In partnership with the World Bank Group and the Montreal Protocol Multilateral Fund (MLF), Saijo Denki, a Thailand manufacturer, has recently launched a new technology for air conditioners that is friendly to the ozone layer and reduces greenhouse gas emissions.


" Going forward, we will target opportunities that deliver a triple win: projects that increase the efficiency of cooling technology, decrease energy consumption, and do away with chemicals that are dangerous to the climate. And we will increase our financing and technical assistance for this work. "
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John Roome

Senior Director, Climate Change Group

Efforts to phase down HFCs will build on the Bank Group’s successful engagements with countries to end consumption and production of ozone-depleting substances under the Montreal Protocol.

In April 2013, the Government of China and the Bank Group started working with Chinese enterprises to phase out the production of ozone-destroying hydrochlorofluorocarbons (HCFCs). Five production facilities have been closed down so far – accounting for 16 percent of the country’s total HCFC production.  As part of this effort, China has also put in place incentives to destroy HFC-23, a greenhouse gas more than 10,000 times more potent than CO2, with a goal of total phase-out by 2020.

“Going forward, we will target opportunities that deliver a triple win: projects that increase the efficiency of cooling technology, decrease energy consumption, and do away with chemicals that are dangerous to the climate,” said John Roome, Senior Director for Climate Change at the World Bank. “And we will increase our financing and technical assistance for this work.”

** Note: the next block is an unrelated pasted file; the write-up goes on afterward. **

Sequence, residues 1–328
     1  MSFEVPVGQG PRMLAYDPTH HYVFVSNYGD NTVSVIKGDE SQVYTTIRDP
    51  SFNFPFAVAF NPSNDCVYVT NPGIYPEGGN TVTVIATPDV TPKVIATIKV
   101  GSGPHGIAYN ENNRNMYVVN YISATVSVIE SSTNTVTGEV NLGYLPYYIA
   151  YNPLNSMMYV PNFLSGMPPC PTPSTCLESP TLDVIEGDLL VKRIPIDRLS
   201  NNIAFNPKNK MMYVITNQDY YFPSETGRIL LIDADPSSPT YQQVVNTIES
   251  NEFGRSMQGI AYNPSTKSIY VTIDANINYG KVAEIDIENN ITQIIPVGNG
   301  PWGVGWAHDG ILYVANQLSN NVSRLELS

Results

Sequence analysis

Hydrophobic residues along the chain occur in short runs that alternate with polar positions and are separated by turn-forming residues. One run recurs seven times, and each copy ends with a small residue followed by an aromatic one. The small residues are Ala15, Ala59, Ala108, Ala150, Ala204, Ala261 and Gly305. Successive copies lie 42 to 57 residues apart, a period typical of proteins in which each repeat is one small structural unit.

Beyond committing its own financing, the Bank Group will take four other steps to expand its work in this area:

  • Undertake studies to identify where impacts could be the greatest.  (For example, one study in Pakistan estimated that a transition to new refrigerants could cut power consumption from air conditioning by 40 percent and reduce greenhouse gas emissions by 8 million tons).
  • Integrate technical assistance and policy work with concessional financing
  • Deploy new Montreal Protocol financing to help countries
  • Share knowledge and practices across countries to accelerate action

Reaching the Kigali agreement took over half a decade of work, focusing on issues like technology safety and availability, intellectual property rights, and additional financial support. Throughout this process the World Bank worked with both developed and developing countries on key issues, including work to clarify patent expiry dates.

Since 1991, the Bank Group has supported more than 700 projects under the Montreal Protocol to phase out ozone-depleting substances in refrigeration, air-conditioning and the manufacture of foam products. These projects have phased out more than 300,000 tons of ozone depleting substances, the equivalent of avoiding more than 1.2 billion tons in CO2 emissions.